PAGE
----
Information on this blog is raw and sometimes unverified reporting straight from the road by teams. The event will issue a media release for any events requiring an official notification.

Note that links in blog entries are not maintained, so while a link may be verified to work on the day of publishing, this is not guaranteed beyond that day.

Saturday, September 24, 2005

Leeming Sungroper: Saturday 24th: roll

Some of you have heard already: MIT's car flipped onto its back during their qualifying lap. The driver is largely unhurt.

Our morning starts relatively early: our array does not at present fit on the car, because of the extra bump caused by the new controller, which, while lighter, is a little longer than the old. We cut a chunk of divinycell foam out of the underside of the array, and the car fits together.

Word circulates around the track that UNSW have crashed their car in road-testing. Their double-wishbone front suspension is very low-profile, which means it contains very large forces: several tons. One wishbone has separated away from the carbon fibre it was bonded to, causing the wheel to switch from vertical to horizontal. They have damaged the front of the car. This is a double blow for UNSW: last race they rolled their trailer with solar car inside, on the way to Darwin, totalling the car.

We're required to be on-track by 8am, so that Peter, the WSC safety officer, can brief each team. He starts at pit 1 and works up. He reaches us and gives us the briefing.

Cars are going out in pairs, separated by half a lap, so they don't get in each other's way. I suggest to Peter that he pair us up with the most famous team in the race: HelioDet. HelioDet, led by Detlef, the famous Suitcase Guy (so called because he brings his car to the race in a couple of large suitcases), is about the same speed as us, so that way neither of us will slow anybody else down.

We await our turn on the track. The whole team is here at the track, and many of them are watching as various cars rush past. Some of them are watching as MIT come out of the hairpin on the far side of the track, go into the next corner, and flip. A gasp rises from the crowd. I run up onto the pit roof for a better look. Later, I am kicking myself for not simply leaping the safety barrier onto the track, running across the track, leaping the next barrier, running across the drag strip, leaping, running, leaping, running, out to the far side of the track to check on the driver. A big-budget car like MIT's will be running lithium cells, and if a short develops, say between the batteries and the conductive carbon-fibre hull of the car, the batteries could have a "thermal event", which is a technical euphemism for "get really hot, catch fire, spit burning metal".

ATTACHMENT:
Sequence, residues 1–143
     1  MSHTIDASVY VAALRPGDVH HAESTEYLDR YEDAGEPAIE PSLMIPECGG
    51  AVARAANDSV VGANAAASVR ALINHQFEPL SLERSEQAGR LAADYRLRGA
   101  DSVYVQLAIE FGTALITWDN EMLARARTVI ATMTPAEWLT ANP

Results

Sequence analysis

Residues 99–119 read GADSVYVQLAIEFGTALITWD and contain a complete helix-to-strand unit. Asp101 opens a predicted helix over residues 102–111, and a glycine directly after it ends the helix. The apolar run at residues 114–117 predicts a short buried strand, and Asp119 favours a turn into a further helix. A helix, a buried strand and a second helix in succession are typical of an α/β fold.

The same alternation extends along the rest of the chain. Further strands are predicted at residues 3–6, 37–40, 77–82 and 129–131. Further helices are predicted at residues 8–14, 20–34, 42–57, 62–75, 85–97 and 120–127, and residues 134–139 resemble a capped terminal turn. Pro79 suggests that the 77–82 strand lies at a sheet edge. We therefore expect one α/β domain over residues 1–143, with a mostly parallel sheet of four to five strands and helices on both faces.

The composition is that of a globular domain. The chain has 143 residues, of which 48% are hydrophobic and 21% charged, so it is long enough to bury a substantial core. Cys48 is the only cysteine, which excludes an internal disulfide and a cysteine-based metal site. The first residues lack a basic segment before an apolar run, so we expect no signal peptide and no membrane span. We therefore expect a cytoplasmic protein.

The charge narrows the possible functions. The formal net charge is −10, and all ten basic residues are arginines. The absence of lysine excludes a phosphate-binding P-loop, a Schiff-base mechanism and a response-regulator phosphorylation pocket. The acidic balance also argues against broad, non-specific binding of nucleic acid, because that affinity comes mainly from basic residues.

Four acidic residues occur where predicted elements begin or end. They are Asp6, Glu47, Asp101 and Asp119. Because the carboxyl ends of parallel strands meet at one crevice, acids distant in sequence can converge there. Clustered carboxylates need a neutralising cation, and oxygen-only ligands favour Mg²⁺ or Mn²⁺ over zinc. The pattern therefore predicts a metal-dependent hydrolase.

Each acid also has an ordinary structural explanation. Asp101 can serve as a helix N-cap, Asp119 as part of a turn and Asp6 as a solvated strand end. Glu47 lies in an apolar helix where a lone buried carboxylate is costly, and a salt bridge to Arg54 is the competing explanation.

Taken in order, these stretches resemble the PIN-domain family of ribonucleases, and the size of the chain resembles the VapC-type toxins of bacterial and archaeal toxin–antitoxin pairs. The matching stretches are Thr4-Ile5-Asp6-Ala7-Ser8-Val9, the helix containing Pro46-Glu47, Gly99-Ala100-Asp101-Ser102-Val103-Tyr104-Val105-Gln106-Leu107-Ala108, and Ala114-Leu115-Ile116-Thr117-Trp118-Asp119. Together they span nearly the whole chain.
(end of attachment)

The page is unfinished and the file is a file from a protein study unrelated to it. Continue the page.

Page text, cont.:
But this does not happen. The car rests on its roll bar. A camera crew who were in the middle of the track run over and check on the driver. Then, I assume, they capture some footage which will be on the TV news tonight.

Some petrol cars leap onto the track and run around to the MIT car. They get the driver out, and bring him back to the pits. He's OK. A short time later, he is taken to the hospital for a check-over.

There is some mucking around with the car going on out there; from back at the pits we can't tell what. But we find out soon enough: they've changed the failed wheel, and remarkably, the car is driven back to the pits under its own power, without its array. All applaud as it rolls past, a damaged wheel resting on the front of the car.

A number of other cars do their qualifying laps, and then MIT's vehicle trailer goes out onto the track. They retrieve their array.

Peter gives us the word: we are clear to move into the pit lane. Matt, a student driver, is in the car; the back of the driver canopy has a P plate affixed to it. Right behind us is HelioDet. We wait at the head of the pit lane for the previous cars to finish and turn onto the drag strip, and then we are cleared to go. HelioDet will be held until we're halfway around.

We complete our warm-up lap. The purpose of this lap is simply to get you to the start line: the entrance from the pit lane is just past the start line, so you have to do nine tenths of a lap to get there. A side effect is that you get to hit the start line running.

Matt runs past our pit; our team are lined up on the pit side of the barrier, cheering. I cross the track to the drag strip. Matt completes his lap. He goes to the turn at the end of the straight, and turns in to the drag strip. John talks him through a lane change test, which involves driving the car through a curve made of witch's hats (translation for Americans: traffic cones) at 35 km/h. We actually do it at 33, but the road testing people don't seem too concerned. Then he continues a little further down to the brake test. This also is supposed to be done at 35; this time we hit it at about 37 according to the radar gun. Matt starts to press the brakes when directed, but he has to press them further than usual, because Steve has backed off the front brake pads. So he effectively starts braking well after the line. But it's OK, because he finishes braking well before the end line.

We've passed. And I haven't hyperventilated once.

Nothing can now stop us from reaching the starting line.

- - -

In the afternoon, we attend the briefing, we pack the car, we return to Alatai, and we do logistic preparation. Tomorrow, we race.

And tomorrow, this blog may stop, or at least thin out. I've tried but failed to get internet connectivity from my phone; and phone coverage is sparse over much of the course anyway. So getting this blog out to the world may be trickier, or not possible. We will see.

-- Doug Burbidge